Into Battle may have been nothing more than a mixture of music with noise, or as Morley said on the ZTT Sampled compilation album, a sarcastic “spanner in the works”. Maybe Art Of Noise created music out of the non-musical, or were trying to to make non-music from their music. Maybe their interruption of their program was to say “I can do what youre not doing, and even if I’m not doing, I’m still doing more than you”. It was the sounds of Horn/Dudley/Jeczalik/Langan that not only had a major hand in “Buffalo Gals”, but also created an influential EP by Malcolm McLaren called D’Ya Like Scratchin’, the U.S. catalog number of which is Island 90124-1. Following that was Atco 90125-1, which was Yes’ 90125 album, which brought Yes back from the classic rock bins and showed they could easily be as valid as any of the group’s of the early 1980’s. In fact, when I first heard “Owner Of A Lonely Heart”, I thought it was a non-LP B-Side by The Police. I clearly remember loving “Owner Of A Lonely Heart” and riding my bike to Tower Records in the hopes of finding the song. It was not on any Police 45 and it left me confused. When I heard who it was, I know I said “this is Yes?” When I saw Horn’s name in the credits (along with that of Dudley, Jeczalik, and Langan), I started forming pieces to a growing puzzle. A few months later, now living in Washington State, I bought my first Frankie Goes To Hollywood record: the 12″ single to “Two Tribes” at Vinyl Donut. I loved everything about it. Horn’s name was on it.
Without Into Battle, I do not know if I’d have the same optimism in my teen that I did. My teenage years involved a wealth of music and discoveries. My love of hard rock and heavy metal lead me to thrash, speed, and death metal. My admiration of those styles finally opened me to punk and hardcore, and everything underground. I had already been a fan of rap music and in time, the quality of rap music improved, especially when Def Jam came to be. I found myself going to thrift stores to look for weird records, and i would take a chance on a lot of people and labels I hadn’t heard of. I became a fan of jazz through my dad, but I started to go much deeper with access to my public library, where I borrowed My Favorite Things by John Coltrane and Head Hunters by Herbie Hancock. I had to have more. I wanted all rap music to sound as hard as the beats in an Art Of Noise song, and I felt LL Cool J’s “I Can’t Live Without My Radio” was the first step in making that happen, which also had vocal stabs scratched into it, not unlike an AoN song.
Into Battle was about beauty, construction, sound, and presence. It was electronic, or at least a new electronic, where sounds could be replayed in four-or-so increments at the time. These sounds had to be triggered live in the studio, and it was done with quality (or at least a 1980’s quality). Yet some of those sounds were very much of the past, and how far into the past, I didn’t know and wouldn’t know until much later. Perhaps it was in the air or that Art Of Noise’s entry into my life was meant to be. I still remember playing “Beat Box” in my old house in Honolulu and my next door neighbor running over to ask me “what is that?” I had Art Of Noise, and he didn’t but he ran over because he had heard the song somewhere else too. It was that important to him, a neighbor whom I would do sound system-style battles with our record players, even if that lead to trying to sync up the same Donna Summer record. We were, in turn, making our own noise.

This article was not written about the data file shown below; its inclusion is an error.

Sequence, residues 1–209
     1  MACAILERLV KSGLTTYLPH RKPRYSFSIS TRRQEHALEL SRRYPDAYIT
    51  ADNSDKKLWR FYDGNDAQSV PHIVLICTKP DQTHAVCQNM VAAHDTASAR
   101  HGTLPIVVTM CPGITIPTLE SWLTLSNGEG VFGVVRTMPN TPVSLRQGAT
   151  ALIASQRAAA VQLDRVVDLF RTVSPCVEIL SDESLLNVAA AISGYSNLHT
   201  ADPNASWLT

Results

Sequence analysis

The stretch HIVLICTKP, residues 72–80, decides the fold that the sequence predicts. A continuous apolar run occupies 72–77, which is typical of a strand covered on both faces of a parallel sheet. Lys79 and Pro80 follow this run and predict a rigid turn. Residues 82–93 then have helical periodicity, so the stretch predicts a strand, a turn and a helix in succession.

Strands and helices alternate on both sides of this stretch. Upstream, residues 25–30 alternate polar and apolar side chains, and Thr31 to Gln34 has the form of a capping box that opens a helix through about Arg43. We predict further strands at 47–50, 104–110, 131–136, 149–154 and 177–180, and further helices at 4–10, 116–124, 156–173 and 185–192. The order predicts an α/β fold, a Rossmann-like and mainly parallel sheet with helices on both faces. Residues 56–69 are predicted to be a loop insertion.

Whatever it was, the music of Art Of Noise and Into Battle worked on me and I still get excited hearing it from start to finish, just as I did in late 1983. As I had stated a few months ago, The Police’s Synchronicity album was the last music my dad bought for me before he died. I was going through the motions and found myself wondering where the rest of my life would lead me. I had started the 8th grade, and there were already plans for my family to move to the mainland. It was those last months of 1983 that lead to the type of musical discoveries that remain in my mind forever, the type that made me realize that I could perhaps do “this” too, even though I didn’t know how (nor have the means) to do “this”, whatever I felt “this” was. Into Battle opened the door towards greater doors, uncertain of what I’m looking for but knowing that when I find it, I’ll be either satisfied or looking for more doors to open. To the entire Zang Tuum Tumb empire: thank you for the keys and creating a brick road full of Fairlights, Synclaviers, and elephants that are big. I continue to walk on my own path, always in honor of your presence. One day I will be in England, in the summertime or whatever time, with my love, close to the edge, at the very heart of the city.
P.S. I also like the fact that in “Beat Box”, in the “doh doh duuuuuuuuuuuuuuuuuuuuuuuuuh” sequence, the “duuuuuuuuuuuuuuuuuuuuuuuuuh” is from the low-voiced man in McLaren’s “D’Ya Like Scratchin'”. Y’all hear that? My ears are forever open in the hopes of hearing that, this, and so much more.